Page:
He's been to the top of the tree and down again and, with little hope that harness racing can recover, respected trainer Richard Brosnan tells Fairfax Media why he's getting out.  He's trained some of harness racing's pin-up stars, but as the industry honours its heroes this weekend, Richard Brosnan is instead winding down his operation, resigned to putting his Ardmore property on the market. "The game's buggered," Brosnan says bluntly. "I tried to warn them 10 years ago that their systems were wrong and now it's getting too late. The pool of horses is shrinking that fast, they don't realise it." Brosnan is no sit-back-and-moan stirrer. He's been on numerous horsemen's committees and advocated a major overhaul of the handicapping system so many times at annual meetings he now feels like people think he's "crazy". Brosnan was there in Christchurch again last Friday, asking the hard questions on what Harness Racing New Zealand proposes doing about the new import levies which are crippling sales of our battlers to Australia. "Most people don't want a bar of owning horses now - and in the long run, I'll be proved right." Brosnan reckons that in his nearly 40 years in harness racing, when he' s trained 559 winners and driven 719, he's learned a thing or two. He's seen the game from both sides - from the top end when he enjoyed the ride with stars like Bonnie's Chance, who beat Armalight by seven lengths in winning the 1982 NZ Cup, and champion trotter No Response whose weaving home straight burst to win the 1979 Interdominion Final at Addington will never be forgotten. And he's seen it from from the bottom end, where he sits now, no longer able to afford any staff and struggling to keep his owners with his team down to under 10, and no end in sight to the drain. "Thankfully I've still got my main owners but they're getting older and cutting back too and in another 12 months a couple of them won't be here. "The 0utlook is not good and I'll just be winding down quietly. I'll put my place on the market and see what happens, maybe relocate somewhere else if things pick up. I wish it would, but it's hard to see that happening." Brosnan said training had never been as big a struggle as it is at the moment - only last month Pukekohe trainer Tony Grayling walked away from the game - and he says he can see a lot more going the same way. "Things have quickly gone from bad to worse for me since the start of the year," says Brosnan. "I've lost six payers since Christmas and haven't been able to replace them." "There'll be no bugger here in five years. We're worse off today than we were five years ago. I've hung in there doing the best I could, hoping things would turn, but now I don't have an option, I have to face facts. I'll do what I can myself, that's the only way to survive, but for how long I can do that is debatable. I'm 66."Brosnan praised the Auckland Trotting Club for lifting stakes but said he got little encouragement from the projected goal of the suddenly exited Racing Board CEO Chris Bayliss that purses be raised by 50 per cent in five years' time. Brosnan said if harness racing wanted to keep its owners, it had to offer them hope of at least some return. "In all the time I've been in training the majority of horses have been good enough to win only one race. Some win two, but that's their lot, and that's never changed. "What we should be doing is utilising those horses more. Everyone calls them poor horses but they can still make up competitive fields which are good betting mediums. "People who think good horses draw the most betting are wrong. If one good horse stands out it kills betting. The key is putting like with like." Brosnan says owners quickly get the pip if their horse wins a race only to be told: ‘You better sell it because that's as far as it will go'. "The horse goes to Australia, wins three, four, five races straight away and the owner thinks ‘what the hell are they doing here?' They say I'm not having a horse again and they tell their mates . . ." But Brosnan says the pool of horses has dropped so much here it was getting harder to split up the lesser ones from the others as happens in Australia were his son Emmett is driving successfully. Now, even more alarmingly, it was becoming almost impossible for owners to sell their battlers to Australia. Since Australian authorities introduced a $2000 import levy on colts and geldings, the person who would previously have bought a cheapie because it was a ready-made commodity was opting out. Horses were instead being given away and owners, without any return, were not moving on to the next horse as they had in the past. But with the correct handicapping system, Brosnan says there would be no need for owners to quit their horses. Brosnan has long advocated a floating points system, where horses are continually reassessed depending on their performances - similar to the weight rating system successfully used in Hong Kong. If they raced well, they went up in the points, if they raced poorly they dropped back, allowing them into fields of similar performers. It made no sense for a horse who had won a race to become a C1 and be pigeon-holed in that grade no matter how it performed. "At the moment the worst thing that can happen to some horses is to win a race - they're buggered when they do. "It doesn't take long for owners to say ‘to hell with this' if you keep taking horses to the races and you know before you start that your chances are slim." And if HRNZ thought its new drop back system would solve the problem, it was sadly mistaken, says Brosnan. Horses had to run out of the money 10 times before they were reassessed. That took three months or longer, a period owners simply could not afford given the costs of training. "A friend of mine in Australia who investigated it reckoned it should be six starts, not 10." Brosnan says he's never been a fan of free wins - the concession system HRNZ offered two-year-olds and three-year-olds so owners could maximise their winnings without rising in the grades too quickly. "It's always to the detriment of somebody else - and at some stage it bottlenecks and impacts on others. "I always found the good horses look after themselves and I've had a couple of very good ones. "I always thought the other horses should still have the opportunity to win money. If I was handicapped out of it, too bad. You can't be winning everything at the expense of everyone else." It has been nearly 10 years since Brosnan trained his last good horse - Pompallier, who numbered the 2005 Dominion Handicap among his 20 wins - during which time he says he's had to make do with the satisfaction of squeezing the most out of his lesser horses. Others he'd had to sell, initially needing the money after his shift north from Kerrytown. Horses like 2003 Interdominion winner Baltic Eagle whom he sold after only two starts, and DB Bopper who excelled in Australia and later the United States. More recently 32-race winner Gaius Caesar went the same way. "Anything that's looked like being a bit decent has been sold and that's meant you don't get noticed the same as a trainer, "You do get down about it - and after a while when things aren't going your way you even start doubting yourself, and whether to change the way you're training. "But you get a certain amount of satisfaction in developing horses even if they're limited in ability and, in the end, you've just got to play the cards you're dealt." Courtesy of Barry Licther and Sunday Star Times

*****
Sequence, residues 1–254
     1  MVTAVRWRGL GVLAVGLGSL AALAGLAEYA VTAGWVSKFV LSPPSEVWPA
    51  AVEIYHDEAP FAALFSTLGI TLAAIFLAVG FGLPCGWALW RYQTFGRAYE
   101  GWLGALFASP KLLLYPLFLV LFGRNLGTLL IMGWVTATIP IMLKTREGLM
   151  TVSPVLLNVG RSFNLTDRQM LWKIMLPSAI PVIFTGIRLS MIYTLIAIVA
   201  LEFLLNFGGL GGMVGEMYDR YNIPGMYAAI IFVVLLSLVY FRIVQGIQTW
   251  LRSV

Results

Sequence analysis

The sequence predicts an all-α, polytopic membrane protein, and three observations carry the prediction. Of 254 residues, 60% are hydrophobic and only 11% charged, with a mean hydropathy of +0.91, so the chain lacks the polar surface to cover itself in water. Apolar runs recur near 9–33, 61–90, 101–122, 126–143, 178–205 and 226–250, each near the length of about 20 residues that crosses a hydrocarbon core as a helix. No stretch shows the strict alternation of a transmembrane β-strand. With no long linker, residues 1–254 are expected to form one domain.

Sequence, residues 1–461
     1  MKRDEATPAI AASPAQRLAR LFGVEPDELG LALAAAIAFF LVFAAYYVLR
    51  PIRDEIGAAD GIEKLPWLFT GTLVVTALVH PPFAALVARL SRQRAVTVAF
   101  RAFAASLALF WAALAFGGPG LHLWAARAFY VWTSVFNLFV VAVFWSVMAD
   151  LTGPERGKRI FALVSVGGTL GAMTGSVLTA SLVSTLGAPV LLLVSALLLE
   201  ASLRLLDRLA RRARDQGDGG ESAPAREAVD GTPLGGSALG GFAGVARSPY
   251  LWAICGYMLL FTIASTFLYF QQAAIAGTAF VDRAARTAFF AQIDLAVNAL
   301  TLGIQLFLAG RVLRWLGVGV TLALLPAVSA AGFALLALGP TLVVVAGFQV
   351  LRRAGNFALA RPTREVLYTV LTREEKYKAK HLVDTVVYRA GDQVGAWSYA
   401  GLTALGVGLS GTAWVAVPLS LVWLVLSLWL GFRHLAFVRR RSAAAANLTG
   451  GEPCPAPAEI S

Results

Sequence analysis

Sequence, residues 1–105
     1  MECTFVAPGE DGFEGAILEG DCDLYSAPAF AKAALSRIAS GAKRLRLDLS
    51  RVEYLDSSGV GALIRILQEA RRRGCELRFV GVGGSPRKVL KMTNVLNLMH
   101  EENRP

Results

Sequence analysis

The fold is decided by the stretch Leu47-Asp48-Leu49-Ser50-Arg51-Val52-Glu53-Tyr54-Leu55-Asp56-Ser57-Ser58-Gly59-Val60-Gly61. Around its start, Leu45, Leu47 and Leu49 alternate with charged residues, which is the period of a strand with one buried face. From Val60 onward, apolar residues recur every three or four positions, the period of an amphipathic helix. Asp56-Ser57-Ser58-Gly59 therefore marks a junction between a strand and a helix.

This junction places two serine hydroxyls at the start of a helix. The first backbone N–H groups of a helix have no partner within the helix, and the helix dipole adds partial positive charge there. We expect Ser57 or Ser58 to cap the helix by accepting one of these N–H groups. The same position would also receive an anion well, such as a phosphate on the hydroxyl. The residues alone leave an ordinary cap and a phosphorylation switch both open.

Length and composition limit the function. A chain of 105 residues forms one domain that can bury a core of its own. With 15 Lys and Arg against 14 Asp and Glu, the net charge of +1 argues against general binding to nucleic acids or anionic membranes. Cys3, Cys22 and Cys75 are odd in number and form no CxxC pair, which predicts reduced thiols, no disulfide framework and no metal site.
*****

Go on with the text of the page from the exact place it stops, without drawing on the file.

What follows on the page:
The Hambletonian Monte Series Final at the new Meadowlands and two Ontario pari-mutuel races at Grand River Raceway showcased North American monte activities this weekend. On Friday evening the $27,500 Hambletonian Monte Final took place (non-wagering) at the new Meadowlands. Sponsors were Jeff Gural, Valley High Stable, Back On Track, Ron Burke Stable, Arden Homestead Stable, Crawford Farm, Aldrich Properties, George Ducharme and Winners Circle Blueberries. The final followed two $10,000 legs the previous two weekends. This week, A Penny Earned (5g Conway Hall-Penny Dream-Dream Vacation) scored for Michelle Crawford and trainer George Ducharme in 1:57.2 (last quarter :28.2), just short of the north American speed race record set by Master Pine two years ago in 1:57.1. The winner was second in a July 18 leg behind Take My Picture that was second in the final for Therese Lindgren and trainer Nikolas Drennan. O U Gus (the July 25 winner) ended third for Stephanie Werder and trainer Whitney Richards. Master Pine finished fourth for Helene Gregory and trainer Julie Miller in the competitive (seven starters timed in 2:00.1 or better) ten horse field. In Ontario, Grand River Raceway hosted two pari-mutuel events on August 1st and 4th. The August 4th International Monte was part of the raceway's Industry Day and attracted riders from Canada, Belgium and Finland. The US rider-entrant Jennifer Connor was a scratch due to travel problems. Previous monte winner Radical Dreamer (Marit Valstad) made the fast pace, tracked and battled by eventual winner Tragically Shipp (Saara Jalasti aboard), that pulled away late for an comfortable win over Angies Lucky Star (Philippe Massachaele) in 2:02.4h over a rain soaked surface. Tragically Shipp (8g Shipps Speed-CH On Tour-Armbro Laser) is trained by Lee Watson for owners Lynne and David Magee. Jalasti and Massachaele regularly ride in monte races in Europe, where monte is very popular and part of most pari-mutuel racing cards at French and Scandinavian tracks. Race replay follows: The August 1 race at Grand River was billed as the Canada vs. Norway Challenge and it went to Callie Magoo (5g Magoo-Callie Alyssa-Wesgate Crown) with Norway's G. Berg up for trainer John Braid. This pair scored in 2:04.3h over King Tut (Sarah Town up for Canada) and Charlie Tuna. Both Grand River races were well received in the pari-mutuel wagering, as had been the case in previous Ontario pari-mutuel monte races. Standardbred Canada and Meadowlands files Thomas H. Hicks